San Diego County Reports 814 New COVID-19 Cases, 8 Deaths
San Diego County has reported 814 new cases of COVID-19 and eight additional virus-related deaths, according to the most recent data released.
Monday's numbers, with data through Sunday, increased the county's cumulative totals to 340,222 cases, with the death toll increasing to 3,922 since the pandemic began, according to the County of San Diego Health and Human Services Agency.
The number of county residents hospitalized with the virus increased to 649, up 11 from Sunday's update. The number of COVID patients in local intensive care units increased by two to 174.
A total of 10,621 tests were reported, and the percentage of positive cases over the last seven days was 5.8%.
Nearly 4.56 million vaccine doses have been administered in the county, with 2.41 million — or 85.9% of county residents — having received at least one dose. Fully vaccinated county residents now number more than 2.11 million, or around 75.4% of the county's eligible population.
No-cost COVID-19 vaccines are widely available in the region. They can be found at medical providers, pharmacies, community clinics and county public health centers for people who do not have a medical provider. A list of locations and more information is available at coronavirus-sd.com/vaccine.
A letter written by UC San Diego researchers published Wednesday found that the effectiveness of both the Pfizer and Moderna COVID-19 vaccines have significantly waned over time, partially due to the ending of mask mandates and the highly contagious Delta variant.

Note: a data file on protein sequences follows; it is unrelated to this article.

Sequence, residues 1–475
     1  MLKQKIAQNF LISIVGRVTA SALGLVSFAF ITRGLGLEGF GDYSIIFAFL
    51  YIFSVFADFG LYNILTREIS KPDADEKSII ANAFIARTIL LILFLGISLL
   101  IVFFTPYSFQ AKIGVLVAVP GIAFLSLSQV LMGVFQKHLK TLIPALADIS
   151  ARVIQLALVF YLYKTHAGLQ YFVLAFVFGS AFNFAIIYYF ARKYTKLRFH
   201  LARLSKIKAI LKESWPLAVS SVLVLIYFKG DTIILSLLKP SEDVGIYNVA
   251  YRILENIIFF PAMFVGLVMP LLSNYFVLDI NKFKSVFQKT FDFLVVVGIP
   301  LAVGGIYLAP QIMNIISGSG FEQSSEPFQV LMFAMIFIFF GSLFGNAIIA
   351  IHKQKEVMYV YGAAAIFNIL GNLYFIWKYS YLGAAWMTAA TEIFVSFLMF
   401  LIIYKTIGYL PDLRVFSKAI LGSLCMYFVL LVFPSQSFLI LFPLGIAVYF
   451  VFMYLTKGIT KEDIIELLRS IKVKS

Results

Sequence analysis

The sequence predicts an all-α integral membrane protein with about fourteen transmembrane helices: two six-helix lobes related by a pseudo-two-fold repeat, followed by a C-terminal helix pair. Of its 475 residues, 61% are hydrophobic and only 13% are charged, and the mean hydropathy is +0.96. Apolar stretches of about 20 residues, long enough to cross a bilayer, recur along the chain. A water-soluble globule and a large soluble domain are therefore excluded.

The letter, which appeared in The New England Journal of Medicine, was written by an interdisciplinary team of physicians and public health experts at UCSD. They measured the effectiveness of COVID-19 mRNA vaccines among health workers at UCSD Health, most notably during the emergence of the Delta variant and coincident with the end of the state's mask mandate — allowing fully vaccinated people to forgo face coverings in most places.
The authors noted that from March through June, vaccine effectiveness against symptomatic infection was estimated to exceed 90%. By July, however, it had fallen to around 65%.
Both Pfizer and Moderna vaccines were granted emergency use authorization by the FDA in December, with vaccinations of the UCSD Health workforce beginning the same month for employees with direct, patient-facing duties.
"The decline in effectiveness is not entirely surprising," said co- senior author Dr. Francesca Torriani, a professor of clinical medicine in the Division of Infectious Diseases and Global Public Health in the UCSD School of Medicine and program director of Infection Prevention and Clinical Epidemiology at UCSD Health.
"Clinical trial data suggested decreased effectiveness would occur several months after full vaccination, but our findings indicate that confronted by the Delta variant, vaccine effectiveness for mildly symptomatic disease was considerably lower and waned six to eight months after completing vaccination," Torriani said.